what you might not expect from a refugee 

Just getting home after a round trip to Romania. A lot of hours in the car but so worth it to visit a family that is very dear to us. They are in transition after months of waiting at the Greek border. It was so amazing to sit and talk and see their sweet kids.  We left them, with the thought ringing in our minds, ‘How could anyone look at this family and say, “we don’t want them in our country – they pose a threat.”‘ 

We are tired, but here are some observations to make you think with us:

1.  After knowing them for almost a year, I have never once actually sat in a real home with them, but I have always been offered hospitality. I have had coffee in their tent on the Greek border, we have had coffee in a Greek coffee shop, and this visit, we were in a common room of a facility where they and around 100 other refugees are being housed. Even here, they brought us drinks and served us.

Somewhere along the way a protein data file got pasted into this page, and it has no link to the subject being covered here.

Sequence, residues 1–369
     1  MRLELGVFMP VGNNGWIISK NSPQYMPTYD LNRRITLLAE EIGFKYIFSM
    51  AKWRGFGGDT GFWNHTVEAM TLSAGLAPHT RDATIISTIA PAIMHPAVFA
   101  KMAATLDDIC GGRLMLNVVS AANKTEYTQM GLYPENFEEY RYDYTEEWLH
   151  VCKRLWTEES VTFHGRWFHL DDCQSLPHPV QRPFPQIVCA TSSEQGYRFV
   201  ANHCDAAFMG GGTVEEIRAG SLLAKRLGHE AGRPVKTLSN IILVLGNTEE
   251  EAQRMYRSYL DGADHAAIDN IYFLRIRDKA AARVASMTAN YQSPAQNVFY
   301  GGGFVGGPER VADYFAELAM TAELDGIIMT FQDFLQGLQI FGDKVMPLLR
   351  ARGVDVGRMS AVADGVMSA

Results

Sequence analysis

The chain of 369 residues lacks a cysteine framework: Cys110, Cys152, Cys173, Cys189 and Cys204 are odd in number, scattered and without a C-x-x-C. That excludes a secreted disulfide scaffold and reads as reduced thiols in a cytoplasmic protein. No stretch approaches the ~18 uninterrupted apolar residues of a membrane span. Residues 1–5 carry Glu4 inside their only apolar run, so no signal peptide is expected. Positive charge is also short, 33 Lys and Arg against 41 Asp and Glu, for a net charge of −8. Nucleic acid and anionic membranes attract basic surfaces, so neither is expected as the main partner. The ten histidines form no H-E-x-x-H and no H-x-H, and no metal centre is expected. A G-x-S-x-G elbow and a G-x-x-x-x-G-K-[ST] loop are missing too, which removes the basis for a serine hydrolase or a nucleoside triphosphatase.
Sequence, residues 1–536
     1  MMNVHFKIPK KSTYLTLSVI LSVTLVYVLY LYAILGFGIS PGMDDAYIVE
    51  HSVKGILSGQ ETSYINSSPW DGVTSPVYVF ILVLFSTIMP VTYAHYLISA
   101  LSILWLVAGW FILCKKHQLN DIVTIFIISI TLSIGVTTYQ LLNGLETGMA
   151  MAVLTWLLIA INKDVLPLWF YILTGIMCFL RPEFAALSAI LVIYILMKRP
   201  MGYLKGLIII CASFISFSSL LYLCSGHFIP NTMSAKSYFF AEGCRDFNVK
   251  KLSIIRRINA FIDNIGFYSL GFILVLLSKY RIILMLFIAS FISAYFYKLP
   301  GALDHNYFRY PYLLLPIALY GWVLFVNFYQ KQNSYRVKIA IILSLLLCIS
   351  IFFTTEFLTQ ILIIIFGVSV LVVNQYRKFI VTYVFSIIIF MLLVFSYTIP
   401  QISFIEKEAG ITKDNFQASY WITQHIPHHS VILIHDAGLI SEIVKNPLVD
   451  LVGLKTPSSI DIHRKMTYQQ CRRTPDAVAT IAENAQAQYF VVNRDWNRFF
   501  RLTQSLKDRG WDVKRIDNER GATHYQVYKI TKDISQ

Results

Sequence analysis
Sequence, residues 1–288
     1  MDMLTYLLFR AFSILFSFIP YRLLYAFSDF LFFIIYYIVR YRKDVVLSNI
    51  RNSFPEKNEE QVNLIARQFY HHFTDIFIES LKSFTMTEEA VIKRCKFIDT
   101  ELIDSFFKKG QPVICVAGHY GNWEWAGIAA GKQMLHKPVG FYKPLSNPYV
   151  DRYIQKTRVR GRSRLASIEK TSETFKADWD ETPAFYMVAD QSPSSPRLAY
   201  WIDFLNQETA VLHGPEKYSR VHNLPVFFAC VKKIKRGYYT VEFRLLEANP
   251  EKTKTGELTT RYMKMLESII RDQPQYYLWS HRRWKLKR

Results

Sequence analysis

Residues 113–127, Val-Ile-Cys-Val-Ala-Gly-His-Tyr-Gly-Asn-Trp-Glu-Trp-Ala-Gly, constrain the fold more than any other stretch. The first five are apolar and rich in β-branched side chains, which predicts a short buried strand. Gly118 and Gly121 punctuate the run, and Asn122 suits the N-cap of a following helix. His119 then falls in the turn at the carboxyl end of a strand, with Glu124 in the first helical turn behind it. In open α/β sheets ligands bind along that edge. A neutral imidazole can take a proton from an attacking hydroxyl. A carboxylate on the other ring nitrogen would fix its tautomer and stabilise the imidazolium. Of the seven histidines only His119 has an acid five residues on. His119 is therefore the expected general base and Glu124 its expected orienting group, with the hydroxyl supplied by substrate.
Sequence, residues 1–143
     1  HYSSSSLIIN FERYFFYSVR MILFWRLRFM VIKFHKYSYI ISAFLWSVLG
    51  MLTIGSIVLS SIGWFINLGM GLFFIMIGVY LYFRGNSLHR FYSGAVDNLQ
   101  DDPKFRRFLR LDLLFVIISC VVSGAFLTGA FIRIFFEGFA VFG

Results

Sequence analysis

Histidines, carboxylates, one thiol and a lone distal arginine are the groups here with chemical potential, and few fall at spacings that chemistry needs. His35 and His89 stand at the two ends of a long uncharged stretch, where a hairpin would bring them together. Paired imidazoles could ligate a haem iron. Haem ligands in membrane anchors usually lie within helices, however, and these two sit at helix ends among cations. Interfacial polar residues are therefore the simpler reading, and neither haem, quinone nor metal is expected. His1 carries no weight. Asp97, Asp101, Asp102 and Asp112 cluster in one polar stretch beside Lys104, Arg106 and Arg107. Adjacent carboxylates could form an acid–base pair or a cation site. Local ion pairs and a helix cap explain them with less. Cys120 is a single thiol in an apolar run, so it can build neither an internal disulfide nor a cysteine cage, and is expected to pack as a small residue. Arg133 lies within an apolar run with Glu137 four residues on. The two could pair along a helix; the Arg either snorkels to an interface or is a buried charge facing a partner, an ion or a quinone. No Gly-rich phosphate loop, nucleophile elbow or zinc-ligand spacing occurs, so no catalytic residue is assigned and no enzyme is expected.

2. Their sweet children: 6, 5, and 5 months have never known a world without war. The civil war in Syria was already happening when they were born. They fled Aleppo when the bombs fell on their house with them inside. 

3.  Their dad refused to fight with the army, so the other side came to recruit him. The family left Syria before they came back to take him as a fighter.

4.  Their baby was born in Greece and, since Syria is in disarray, she has a Refugee passport. Imagine that for a moment – in a world where your passport is a statement of your integral identity, she begins her life identified without a homeland and as part of a community called ‘refugee’.

5. They are in temporary refugee housing, and the kids got the room ready for us, their guests, but then the family was not allowed to bring guests into their home. Their home for 5 is 1 room with a small corner kitchen and a bathroom. We were also discouraged from taking photos by the guard.